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so it's not a housing boom, but it is definitely a recovery. we have baunch of data this week that shows exactly what i'm talking about. home prices jumped 10.9% in march from last year according to s & pk schiller. you can see how far we have come from the big drop in 2009. realty track says the number of foreclosures fell 22% in the first three months of this year, compared to last year. but mortge rates are climbing. the 30-year fixed rate hit its highest level in a year. now averaging 3.18%. also new signs that housing may be turning into a seller's market. a survey finds a third of
americans looking to buy a house have been on the hunt for more than a year. many are willing to compromise to close the deal, meaning things like price or location or items on wish lists are becoming less important. that's good for you sellers. of course, buying a home isn't the only way to invest in real estate. if you're smart about the housing market, you, too, can ride the recovery. home prices are rising, demand is back, but it's not just home buyers and sellers cashing in. when you buy a house, or build a house, you're fueling an entire industry and creating opportunities for investing. and not just in the real estate itself. >> consumers feeling better. their balance sheets are getting better. their home equity lines, they can take out more money. >> shares of low's, home depot, and william z ss-sonoma up 20% year. when stock charts look like this, is it too late to get in? maybe, but there are other places to cash in. >> if you own a home, it's a
near certainty that you have a car. when people buy houses, they buy cars. now, the car industry has been doing very well lately. but there's still room, i think, for further growth. they're not expensive stocks. >> making stocks like ford, gm, honda, and toyota more attractive. there are also tiny components in your house. >> companies that make the chips, the microcontrollers that go into dishwashers, washing machines, garage door openers, they make those, they have a good global exposure and when housing improves, they're going to do better because more products are brought into the house. >> also ripe for the picking, supermarkets. >> as home ownership becomes bigger and more prevalent and grows, i think you'll see people eating in more. any grocery chain is likely to benefit. >> he likes walmart and whole foods. and an updated kitchen, new grill, spacious dining room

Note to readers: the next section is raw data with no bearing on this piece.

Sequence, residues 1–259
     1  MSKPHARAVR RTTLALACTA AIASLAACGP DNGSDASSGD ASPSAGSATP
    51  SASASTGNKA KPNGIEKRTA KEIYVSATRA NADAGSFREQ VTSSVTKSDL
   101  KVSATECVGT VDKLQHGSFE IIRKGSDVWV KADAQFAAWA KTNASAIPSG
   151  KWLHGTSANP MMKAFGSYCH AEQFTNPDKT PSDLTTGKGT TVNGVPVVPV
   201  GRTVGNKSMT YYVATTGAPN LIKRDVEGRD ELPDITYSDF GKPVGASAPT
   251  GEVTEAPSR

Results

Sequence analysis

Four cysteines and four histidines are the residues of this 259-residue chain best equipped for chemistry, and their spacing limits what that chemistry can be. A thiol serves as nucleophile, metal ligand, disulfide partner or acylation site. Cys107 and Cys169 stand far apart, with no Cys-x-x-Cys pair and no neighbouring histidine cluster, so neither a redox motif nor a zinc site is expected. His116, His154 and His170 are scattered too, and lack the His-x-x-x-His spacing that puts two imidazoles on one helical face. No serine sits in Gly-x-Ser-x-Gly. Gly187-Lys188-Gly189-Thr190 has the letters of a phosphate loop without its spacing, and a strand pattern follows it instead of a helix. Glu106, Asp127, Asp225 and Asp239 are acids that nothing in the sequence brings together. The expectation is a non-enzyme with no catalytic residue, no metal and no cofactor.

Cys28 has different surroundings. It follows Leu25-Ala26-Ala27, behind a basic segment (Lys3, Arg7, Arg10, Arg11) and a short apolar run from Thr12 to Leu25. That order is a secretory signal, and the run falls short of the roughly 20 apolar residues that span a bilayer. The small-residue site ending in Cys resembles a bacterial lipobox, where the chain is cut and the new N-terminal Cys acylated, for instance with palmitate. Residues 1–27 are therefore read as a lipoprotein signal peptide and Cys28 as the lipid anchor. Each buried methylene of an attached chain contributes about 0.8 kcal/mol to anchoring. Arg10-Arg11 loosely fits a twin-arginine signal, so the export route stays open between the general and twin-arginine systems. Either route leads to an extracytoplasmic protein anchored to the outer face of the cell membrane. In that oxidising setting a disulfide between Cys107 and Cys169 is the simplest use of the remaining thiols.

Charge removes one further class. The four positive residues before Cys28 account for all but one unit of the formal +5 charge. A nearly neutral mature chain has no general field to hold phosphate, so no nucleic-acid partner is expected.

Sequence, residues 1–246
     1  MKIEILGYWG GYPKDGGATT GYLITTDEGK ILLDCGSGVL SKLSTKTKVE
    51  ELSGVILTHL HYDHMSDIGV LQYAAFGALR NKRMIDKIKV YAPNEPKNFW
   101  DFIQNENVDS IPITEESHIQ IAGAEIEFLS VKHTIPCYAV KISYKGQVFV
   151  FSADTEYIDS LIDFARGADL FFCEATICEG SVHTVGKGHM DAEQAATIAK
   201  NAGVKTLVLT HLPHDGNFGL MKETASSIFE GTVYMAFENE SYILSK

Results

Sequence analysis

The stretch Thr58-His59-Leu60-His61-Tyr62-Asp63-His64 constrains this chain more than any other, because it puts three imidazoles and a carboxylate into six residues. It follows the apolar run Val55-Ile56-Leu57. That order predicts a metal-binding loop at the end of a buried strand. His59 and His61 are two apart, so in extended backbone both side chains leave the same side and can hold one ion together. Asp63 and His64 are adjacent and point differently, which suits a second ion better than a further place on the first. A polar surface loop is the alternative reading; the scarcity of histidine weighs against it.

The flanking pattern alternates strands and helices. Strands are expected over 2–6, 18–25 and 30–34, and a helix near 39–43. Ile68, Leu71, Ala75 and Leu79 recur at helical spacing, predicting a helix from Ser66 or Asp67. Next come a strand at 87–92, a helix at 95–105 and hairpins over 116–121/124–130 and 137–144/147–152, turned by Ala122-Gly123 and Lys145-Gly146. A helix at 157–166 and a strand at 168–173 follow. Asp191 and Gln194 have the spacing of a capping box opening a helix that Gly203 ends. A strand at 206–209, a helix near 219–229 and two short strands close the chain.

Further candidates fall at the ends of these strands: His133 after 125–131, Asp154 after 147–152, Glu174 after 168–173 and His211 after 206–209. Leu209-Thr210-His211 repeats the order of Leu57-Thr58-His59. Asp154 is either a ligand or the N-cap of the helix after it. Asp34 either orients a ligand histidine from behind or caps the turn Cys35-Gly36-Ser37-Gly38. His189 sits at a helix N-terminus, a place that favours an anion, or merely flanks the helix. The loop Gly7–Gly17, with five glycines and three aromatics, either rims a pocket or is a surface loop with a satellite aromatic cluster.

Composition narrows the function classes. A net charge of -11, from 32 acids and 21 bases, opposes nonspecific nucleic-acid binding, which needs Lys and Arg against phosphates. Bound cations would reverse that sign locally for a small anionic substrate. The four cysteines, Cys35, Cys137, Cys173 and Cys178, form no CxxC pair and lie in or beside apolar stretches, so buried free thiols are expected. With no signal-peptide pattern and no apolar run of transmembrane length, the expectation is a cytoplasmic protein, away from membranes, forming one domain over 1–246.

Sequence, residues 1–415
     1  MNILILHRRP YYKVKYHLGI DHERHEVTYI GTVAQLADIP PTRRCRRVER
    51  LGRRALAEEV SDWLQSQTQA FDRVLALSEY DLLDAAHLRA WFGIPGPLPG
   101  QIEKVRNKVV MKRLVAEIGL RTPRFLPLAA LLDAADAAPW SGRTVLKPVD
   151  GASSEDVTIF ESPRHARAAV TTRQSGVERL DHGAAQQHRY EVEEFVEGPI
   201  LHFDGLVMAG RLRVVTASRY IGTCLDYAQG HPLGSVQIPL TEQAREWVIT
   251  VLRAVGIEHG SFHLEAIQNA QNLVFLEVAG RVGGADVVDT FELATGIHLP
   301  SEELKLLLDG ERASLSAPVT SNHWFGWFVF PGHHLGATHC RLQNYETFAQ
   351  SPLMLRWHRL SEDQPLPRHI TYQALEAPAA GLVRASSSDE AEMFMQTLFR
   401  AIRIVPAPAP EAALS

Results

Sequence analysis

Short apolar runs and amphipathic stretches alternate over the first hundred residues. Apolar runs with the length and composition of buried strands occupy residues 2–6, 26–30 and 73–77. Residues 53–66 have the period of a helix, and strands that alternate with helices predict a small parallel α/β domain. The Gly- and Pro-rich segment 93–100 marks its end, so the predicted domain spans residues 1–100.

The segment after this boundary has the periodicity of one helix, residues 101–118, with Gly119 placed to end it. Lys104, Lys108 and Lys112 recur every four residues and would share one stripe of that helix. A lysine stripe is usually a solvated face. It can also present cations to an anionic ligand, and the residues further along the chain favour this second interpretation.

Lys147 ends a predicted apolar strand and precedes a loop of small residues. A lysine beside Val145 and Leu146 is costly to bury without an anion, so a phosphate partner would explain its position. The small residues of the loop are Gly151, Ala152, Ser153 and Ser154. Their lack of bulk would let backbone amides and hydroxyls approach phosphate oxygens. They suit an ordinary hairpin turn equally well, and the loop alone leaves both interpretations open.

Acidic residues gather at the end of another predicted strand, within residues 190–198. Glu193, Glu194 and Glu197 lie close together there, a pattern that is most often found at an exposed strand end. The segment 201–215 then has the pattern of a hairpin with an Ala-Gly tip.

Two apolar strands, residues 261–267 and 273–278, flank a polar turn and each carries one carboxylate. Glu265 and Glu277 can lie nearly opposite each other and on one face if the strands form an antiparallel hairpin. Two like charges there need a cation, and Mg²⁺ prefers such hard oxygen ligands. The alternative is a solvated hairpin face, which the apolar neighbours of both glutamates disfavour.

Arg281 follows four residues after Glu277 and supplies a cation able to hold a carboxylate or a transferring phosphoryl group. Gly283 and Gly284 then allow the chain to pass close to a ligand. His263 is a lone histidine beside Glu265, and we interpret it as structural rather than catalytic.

entice homeowners to eat at home. if you don't want to buy a house but you want to buy into housing, that's how. all right, of course, do your own homework on all of these suggestions, the most obvious way to ride the recovery without owning property is something called a rete, or real estate investment trust. you buy into it like a stock and it returns you money. but like some of the popular housing related stocks, they're posting big returns this year, so maybe you've already missed a big run-up. >> the fed, led by monetary warrior ben bernanke has helped prop up the housing market and now you too can control interest rates and the printing presses at the central bank. introducing the federator, the wall street journal calls its game a cross between jet pack joy ride and the humphrey hawkins act. players take to the skies with a bald head, gray beard, and a cash dumping helicopter, but don't pull the lever too hard or you might just upset the inflation fish and threaten the fragile recovery. check it out, and fulfill that
dual mandate. coming up, china is bringing home the bacon. it's buying a u.s. pork producer in what would be the biggest takeover ever of an american company by a chinese buyer. could your food safety be compromised, and is pork national security? we'll talk about that next. everyone's retirement dream is different; how we get there is not. we're americans. we work. we plan. ameriprise advisors can help you like they've helped millions of others. to help you retire your way, with confidence. ♪ that's what ameriprise financial does. that's what they can do with you. let's get to work. ameriprise financial. more within reach. there's a reason no one says "easy like monday morning."